The Business Case for Repeal
You don’t need to look as far as New Orleans to find a municipality that benefits from a more relaxed approach to public drinking. There is no New York State law against public consumption or open containers. East Aurora is an example of a nearby municipality where residents can peacefully enjoy public consumption. The benefits—to both residents and businesses—are well-known.
Public consumption of alcohol is legal in virtually all of Europe, as well as in Japan, China, Hong Kong, New Zealand, Brazil, and numerous other developed countries and tourist destinations around the world. It is legal in many “lifestyle markets” and tourist and entertainment districts across the U.S., from Beale Street to the Las Vegas Strip to Hood River, Oregon.
Aside from minimizing harm to numerous residents of the city and removing the statutory ambiguity of a law so selectively enforced, there are also economic benefits that would accrue from repeal. Permanently allowing restaurants to sell “takeout” alcohol would significantly aid in the long and difficult recovery from the COVID-19 pandemic still ahead of us.
New York City decriminalized public consumption of alcohol in Manhattan in 2016. In a public statement, Mayor De Blasio, the commissioner of police, and the Manhattan DA said the move was aimed at “ensuring courts are not unnecessarily bogged down with minor offenses committed by those who pose no threat to public safety” (emphasis added). We should go further than Manhattan’s, setting an example in New York State and in the nation by repealing the law entirely.
Call for Repeal Has No Opponents
Good government groups, social justice groups, and business groups have taken up and echoed the call for repeal.
Over the summer of 2020, the Partnership for the Public Good submitted an open letter to the Common Council, citing the organization’s troves of data on law enforcement interactions and discriminatory enforcement. “The racial disparities evident in the Buffalo Police Department’s enforcement of the open container law align with policing inconsistencies across the City of
Buffalo that harm communities of color,” PPG’s Tanvier peart wrote. “We echo calls to revise open container laws and encourage Buffalo Common Council to decriminalize the public consumption of alcoholic beverages, in step with New York City and other jurisdictions. As recent protests and advocacy has made clear, policing, arrests, and enforcement are not the solution for the small percentage of residents with substance use problems.”
Then, in late fall 2020, Legal Aid Buffalo, the local public defender’s bureau, joined the effort. “In the months following the police brutality protests this summer, Buffalo, like many cities, have begun to reconsider the ways that the criminal justice system disparately impacts marginalized communities. Part of this process involves a candid review of local police policies and practices that disproportionally target our black and brown neighborhoods,” wrote Kevin Stadelmier, Chief Attorney of Legal Aid’s Criminal Defense Unit. “These arrests should be examined to determine if they are actually serving a legitimate purpose—like public safety—or if they are really just a pretextual tool that gives police officers free rein to target anyone they’d like, regardless of whether an actual disturbance or danger exists. The first local ordinance that should be seriously considered for repeal is Buffalo’s Open Container law.”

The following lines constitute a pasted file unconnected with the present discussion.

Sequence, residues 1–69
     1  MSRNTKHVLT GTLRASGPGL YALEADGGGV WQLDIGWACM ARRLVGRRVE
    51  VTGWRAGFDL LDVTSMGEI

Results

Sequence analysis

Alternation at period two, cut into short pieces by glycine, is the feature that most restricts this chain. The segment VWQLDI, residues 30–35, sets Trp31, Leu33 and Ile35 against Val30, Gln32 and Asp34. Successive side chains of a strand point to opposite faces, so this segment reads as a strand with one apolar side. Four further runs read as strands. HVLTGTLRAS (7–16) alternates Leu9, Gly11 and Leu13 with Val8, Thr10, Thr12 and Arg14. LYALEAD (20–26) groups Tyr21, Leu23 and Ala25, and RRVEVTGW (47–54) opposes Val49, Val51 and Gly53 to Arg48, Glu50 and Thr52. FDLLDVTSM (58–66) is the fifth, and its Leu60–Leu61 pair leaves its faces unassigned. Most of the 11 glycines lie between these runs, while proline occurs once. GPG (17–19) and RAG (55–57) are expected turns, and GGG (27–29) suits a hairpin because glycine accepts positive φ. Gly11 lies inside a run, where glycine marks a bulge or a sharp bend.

In December 2020, Buffalo News columnist Rod Watson picked up the call for repeal, arguing it should be “an open and shut case.”
Since then, representatives of Free The People Coalition, Showing Up for Racial Justice (SURJ) Buffalo, the Elmwood Village Association, and the Hertel Business Association have signaled support for repeal. Notably—if unsurprisingly—no opponents of repeal have raised their voices.
Next Steps: Common Council Must Act
Now, the repeal effort lies in the hands of the Common Council of the City of Buffalo. All that is required for repeal is for a councilmember to draft and submit repeal legislation. But to date, no champion of repeal has stepped forward from the Council ranks.
Clearly, Buffalonians demand better from our councilmembers. Buffalonians demand a champion of repeal.
People in MLK Park ought to enjoy the same liberties as the people in Delaware Park. Residents celebrating Juneteenth ought to enjoy the same freedoms as the brazen revelers on St. Patrick’s Day. All people in the city of Buffalo should be able to enjoy the consumption of alcoholic beverages openly and in public, at any time, without fear of molestation or arrest. The remedy is simple, and we must remain hopeful that the Council and the mayor will act before we have advanced too far into 2021.